Support for the above assertions: round-trip business class Vienna or Beijing to YVR has the same climate impact as about eight tonnes of greenhouse gases emitted at Whistler’s elevation; an economy flight, about 2.7 tonnes. And Snowmass (within greater Aspen; similar in lifestyle to Whistler) estimates its aviation fuel emissions as 3.9 tonnes per capita—more than the total of Whistler’s declared per-capita emissions.
I suggest if Whistler truly wants to act rationally to lessen climate-changing emissions, its first priority is to cease and desist circulating misleading statistics regarding its own greenhouse-gas-emission responsibility.
Again, King County and the state of Oregon estimate their total emissions footprint is well above 20 tonnes of CO2e per capita and Whistler claims “per capita emissions… 3.6tCO2e/person.”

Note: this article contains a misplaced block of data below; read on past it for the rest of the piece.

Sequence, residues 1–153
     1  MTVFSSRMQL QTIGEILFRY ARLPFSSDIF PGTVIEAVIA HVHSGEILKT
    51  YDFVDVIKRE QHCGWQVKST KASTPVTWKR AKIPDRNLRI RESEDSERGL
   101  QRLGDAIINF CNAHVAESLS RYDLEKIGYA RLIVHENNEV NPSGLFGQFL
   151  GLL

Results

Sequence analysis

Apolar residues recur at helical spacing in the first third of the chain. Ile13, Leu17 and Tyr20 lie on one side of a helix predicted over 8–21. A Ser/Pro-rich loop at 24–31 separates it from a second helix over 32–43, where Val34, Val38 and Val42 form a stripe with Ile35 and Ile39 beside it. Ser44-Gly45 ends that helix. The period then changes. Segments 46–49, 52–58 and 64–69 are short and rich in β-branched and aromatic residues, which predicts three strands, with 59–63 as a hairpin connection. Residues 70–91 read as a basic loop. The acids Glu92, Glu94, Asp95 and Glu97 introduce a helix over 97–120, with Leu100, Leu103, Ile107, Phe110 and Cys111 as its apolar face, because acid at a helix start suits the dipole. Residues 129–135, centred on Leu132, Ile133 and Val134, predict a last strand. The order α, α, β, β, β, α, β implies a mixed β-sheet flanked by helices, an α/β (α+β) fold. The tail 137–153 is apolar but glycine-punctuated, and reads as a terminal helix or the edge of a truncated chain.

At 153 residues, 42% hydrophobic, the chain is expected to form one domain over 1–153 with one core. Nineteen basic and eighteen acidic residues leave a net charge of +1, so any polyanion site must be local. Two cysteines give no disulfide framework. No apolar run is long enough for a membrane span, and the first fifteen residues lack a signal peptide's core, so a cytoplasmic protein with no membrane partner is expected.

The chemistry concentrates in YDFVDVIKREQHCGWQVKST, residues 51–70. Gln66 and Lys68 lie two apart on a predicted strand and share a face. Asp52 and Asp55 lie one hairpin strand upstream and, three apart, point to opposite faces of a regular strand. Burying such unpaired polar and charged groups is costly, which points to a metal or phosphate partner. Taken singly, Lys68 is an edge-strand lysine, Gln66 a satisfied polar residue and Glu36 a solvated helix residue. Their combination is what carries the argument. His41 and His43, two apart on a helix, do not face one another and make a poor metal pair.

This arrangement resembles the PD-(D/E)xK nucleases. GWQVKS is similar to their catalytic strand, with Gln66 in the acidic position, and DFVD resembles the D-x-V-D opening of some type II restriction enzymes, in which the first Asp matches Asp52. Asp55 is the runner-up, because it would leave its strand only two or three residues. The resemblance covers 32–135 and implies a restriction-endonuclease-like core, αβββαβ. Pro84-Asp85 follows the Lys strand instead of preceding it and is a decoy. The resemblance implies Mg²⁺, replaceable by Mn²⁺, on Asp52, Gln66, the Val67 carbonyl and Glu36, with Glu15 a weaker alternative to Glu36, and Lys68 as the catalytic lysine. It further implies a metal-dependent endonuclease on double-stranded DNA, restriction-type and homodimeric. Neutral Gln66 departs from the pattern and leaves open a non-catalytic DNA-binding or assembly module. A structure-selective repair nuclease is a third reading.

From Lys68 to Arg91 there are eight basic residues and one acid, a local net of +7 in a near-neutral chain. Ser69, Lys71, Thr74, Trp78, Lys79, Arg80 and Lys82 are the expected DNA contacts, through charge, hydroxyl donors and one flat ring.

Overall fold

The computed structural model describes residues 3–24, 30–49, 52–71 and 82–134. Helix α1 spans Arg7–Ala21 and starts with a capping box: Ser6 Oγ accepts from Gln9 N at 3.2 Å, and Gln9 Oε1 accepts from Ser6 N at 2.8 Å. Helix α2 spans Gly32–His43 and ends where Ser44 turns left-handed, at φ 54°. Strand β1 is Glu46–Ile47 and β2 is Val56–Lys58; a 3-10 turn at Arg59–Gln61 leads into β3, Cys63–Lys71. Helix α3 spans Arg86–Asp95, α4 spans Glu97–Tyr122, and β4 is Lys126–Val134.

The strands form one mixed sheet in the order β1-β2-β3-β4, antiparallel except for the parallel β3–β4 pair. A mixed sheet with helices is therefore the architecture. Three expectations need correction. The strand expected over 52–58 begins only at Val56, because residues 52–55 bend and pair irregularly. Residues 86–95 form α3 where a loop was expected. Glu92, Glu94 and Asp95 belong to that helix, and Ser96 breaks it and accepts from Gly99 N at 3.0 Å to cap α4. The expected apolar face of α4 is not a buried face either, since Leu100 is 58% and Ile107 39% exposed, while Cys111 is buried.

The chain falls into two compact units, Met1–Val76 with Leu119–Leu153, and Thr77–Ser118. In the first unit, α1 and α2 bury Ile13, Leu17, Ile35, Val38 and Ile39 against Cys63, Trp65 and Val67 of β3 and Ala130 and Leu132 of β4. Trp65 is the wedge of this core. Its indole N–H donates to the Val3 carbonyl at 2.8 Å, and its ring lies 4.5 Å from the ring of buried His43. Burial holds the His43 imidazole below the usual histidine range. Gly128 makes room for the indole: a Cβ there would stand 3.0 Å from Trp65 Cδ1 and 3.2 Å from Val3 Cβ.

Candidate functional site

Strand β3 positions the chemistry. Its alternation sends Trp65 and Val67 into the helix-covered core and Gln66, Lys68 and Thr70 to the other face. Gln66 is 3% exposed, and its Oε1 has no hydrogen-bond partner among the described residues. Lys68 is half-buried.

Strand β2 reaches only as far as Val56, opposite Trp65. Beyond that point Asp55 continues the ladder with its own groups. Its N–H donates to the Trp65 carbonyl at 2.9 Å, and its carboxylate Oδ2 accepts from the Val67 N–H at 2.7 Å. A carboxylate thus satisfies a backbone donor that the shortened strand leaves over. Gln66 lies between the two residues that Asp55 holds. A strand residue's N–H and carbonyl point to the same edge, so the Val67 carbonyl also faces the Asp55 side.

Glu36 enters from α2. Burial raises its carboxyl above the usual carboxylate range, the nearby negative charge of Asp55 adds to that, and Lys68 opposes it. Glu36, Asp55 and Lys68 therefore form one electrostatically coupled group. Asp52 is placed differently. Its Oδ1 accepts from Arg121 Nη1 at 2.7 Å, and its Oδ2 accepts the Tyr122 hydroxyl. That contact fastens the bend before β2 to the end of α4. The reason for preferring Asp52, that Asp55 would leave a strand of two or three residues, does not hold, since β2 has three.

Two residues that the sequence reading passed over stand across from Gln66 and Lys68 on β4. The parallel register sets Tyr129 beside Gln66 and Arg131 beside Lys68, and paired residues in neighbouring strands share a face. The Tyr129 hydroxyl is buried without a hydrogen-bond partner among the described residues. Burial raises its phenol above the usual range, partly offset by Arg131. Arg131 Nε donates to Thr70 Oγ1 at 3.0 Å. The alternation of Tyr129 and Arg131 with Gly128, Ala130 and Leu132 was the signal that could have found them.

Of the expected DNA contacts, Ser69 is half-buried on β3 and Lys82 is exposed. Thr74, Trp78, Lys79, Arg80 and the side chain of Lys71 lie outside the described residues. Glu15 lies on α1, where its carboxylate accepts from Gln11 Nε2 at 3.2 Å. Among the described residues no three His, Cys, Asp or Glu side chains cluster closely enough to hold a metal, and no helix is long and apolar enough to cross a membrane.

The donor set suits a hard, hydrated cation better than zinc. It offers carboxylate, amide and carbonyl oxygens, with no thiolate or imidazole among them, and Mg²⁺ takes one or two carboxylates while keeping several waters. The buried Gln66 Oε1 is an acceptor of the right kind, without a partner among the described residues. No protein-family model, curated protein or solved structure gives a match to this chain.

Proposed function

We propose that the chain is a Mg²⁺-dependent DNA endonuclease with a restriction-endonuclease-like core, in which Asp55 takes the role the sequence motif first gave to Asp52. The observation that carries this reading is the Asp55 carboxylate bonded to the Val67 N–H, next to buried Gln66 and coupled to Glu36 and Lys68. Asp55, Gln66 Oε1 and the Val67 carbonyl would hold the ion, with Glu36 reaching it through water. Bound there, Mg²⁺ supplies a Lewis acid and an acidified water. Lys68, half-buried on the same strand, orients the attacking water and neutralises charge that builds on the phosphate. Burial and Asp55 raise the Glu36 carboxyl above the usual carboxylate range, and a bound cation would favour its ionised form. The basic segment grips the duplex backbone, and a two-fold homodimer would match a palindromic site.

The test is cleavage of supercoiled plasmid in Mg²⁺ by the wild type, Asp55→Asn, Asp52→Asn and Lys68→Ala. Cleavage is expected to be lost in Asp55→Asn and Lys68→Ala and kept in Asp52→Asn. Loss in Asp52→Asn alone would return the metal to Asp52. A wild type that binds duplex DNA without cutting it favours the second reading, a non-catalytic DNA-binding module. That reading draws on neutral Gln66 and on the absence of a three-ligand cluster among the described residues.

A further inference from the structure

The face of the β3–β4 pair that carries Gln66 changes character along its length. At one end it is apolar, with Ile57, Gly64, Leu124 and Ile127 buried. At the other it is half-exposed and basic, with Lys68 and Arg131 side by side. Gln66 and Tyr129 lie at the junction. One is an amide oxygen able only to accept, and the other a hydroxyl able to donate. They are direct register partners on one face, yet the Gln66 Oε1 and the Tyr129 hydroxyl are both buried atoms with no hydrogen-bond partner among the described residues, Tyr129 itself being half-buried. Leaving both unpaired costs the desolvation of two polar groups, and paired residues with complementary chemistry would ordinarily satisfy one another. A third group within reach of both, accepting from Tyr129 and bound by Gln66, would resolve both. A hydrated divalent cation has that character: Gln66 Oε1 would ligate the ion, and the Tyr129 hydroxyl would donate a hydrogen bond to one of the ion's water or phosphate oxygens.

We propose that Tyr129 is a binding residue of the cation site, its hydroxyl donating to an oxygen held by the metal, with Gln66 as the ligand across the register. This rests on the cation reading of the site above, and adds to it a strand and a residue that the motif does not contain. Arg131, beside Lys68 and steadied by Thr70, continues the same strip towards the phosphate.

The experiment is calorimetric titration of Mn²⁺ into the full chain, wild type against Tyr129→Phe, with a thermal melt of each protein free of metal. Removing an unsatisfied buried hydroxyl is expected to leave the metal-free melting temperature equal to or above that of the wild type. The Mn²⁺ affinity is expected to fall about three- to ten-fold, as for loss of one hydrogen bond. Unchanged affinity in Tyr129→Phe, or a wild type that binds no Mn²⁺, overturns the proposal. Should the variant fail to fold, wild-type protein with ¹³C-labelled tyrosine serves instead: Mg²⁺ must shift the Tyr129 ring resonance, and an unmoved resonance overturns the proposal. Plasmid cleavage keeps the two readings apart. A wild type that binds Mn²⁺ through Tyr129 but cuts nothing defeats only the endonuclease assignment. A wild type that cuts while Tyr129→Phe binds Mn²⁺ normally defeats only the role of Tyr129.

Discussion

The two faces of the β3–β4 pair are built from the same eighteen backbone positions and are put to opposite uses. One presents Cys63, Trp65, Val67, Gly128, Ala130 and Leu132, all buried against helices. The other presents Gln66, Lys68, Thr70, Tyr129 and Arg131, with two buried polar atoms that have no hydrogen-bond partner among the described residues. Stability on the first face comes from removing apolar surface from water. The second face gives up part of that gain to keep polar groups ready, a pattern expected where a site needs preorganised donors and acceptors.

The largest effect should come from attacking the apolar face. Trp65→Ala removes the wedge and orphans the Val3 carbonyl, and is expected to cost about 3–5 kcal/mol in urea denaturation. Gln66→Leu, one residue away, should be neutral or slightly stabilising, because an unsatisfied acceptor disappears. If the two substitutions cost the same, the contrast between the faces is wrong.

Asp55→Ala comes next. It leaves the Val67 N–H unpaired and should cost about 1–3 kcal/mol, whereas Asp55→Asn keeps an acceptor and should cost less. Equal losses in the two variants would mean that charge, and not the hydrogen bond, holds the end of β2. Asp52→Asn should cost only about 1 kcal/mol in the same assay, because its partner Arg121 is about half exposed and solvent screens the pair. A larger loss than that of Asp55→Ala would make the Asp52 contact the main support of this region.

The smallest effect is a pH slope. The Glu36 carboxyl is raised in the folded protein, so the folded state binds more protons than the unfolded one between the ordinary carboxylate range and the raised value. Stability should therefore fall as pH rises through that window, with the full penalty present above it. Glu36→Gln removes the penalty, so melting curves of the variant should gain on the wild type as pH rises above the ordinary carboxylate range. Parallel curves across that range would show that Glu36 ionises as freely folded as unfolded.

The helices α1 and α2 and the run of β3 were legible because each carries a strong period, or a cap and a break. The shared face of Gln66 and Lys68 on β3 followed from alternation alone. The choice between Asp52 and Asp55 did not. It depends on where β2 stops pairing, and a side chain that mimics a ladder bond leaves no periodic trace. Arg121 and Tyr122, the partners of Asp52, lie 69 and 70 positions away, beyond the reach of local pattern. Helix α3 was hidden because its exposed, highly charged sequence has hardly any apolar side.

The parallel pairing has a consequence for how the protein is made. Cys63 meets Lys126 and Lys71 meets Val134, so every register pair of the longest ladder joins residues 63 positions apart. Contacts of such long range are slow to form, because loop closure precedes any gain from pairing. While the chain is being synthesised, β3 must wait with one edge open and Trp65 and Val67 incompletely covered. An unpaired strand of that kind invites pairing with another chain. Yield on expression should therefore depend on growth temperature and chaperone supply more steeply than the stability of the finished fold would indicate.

It is highly improbable that the average Whistler resident has a substantially different emissions responsibility than the average King County or Oregon resident.
Praise for ‘Dosing the Divine’
What an utter surprise to find an article on Neem Karoli Baba and his students Ram Dass and Krishna Dass in Pique (Jan.17). Devotees asked Baba, “What is the way to self-realization?”
His answer would always be the same, “Feed people, serve people.” Thanks to all the volunteers in the Sea to Sky corridor whose help have been invaluable to the people in need.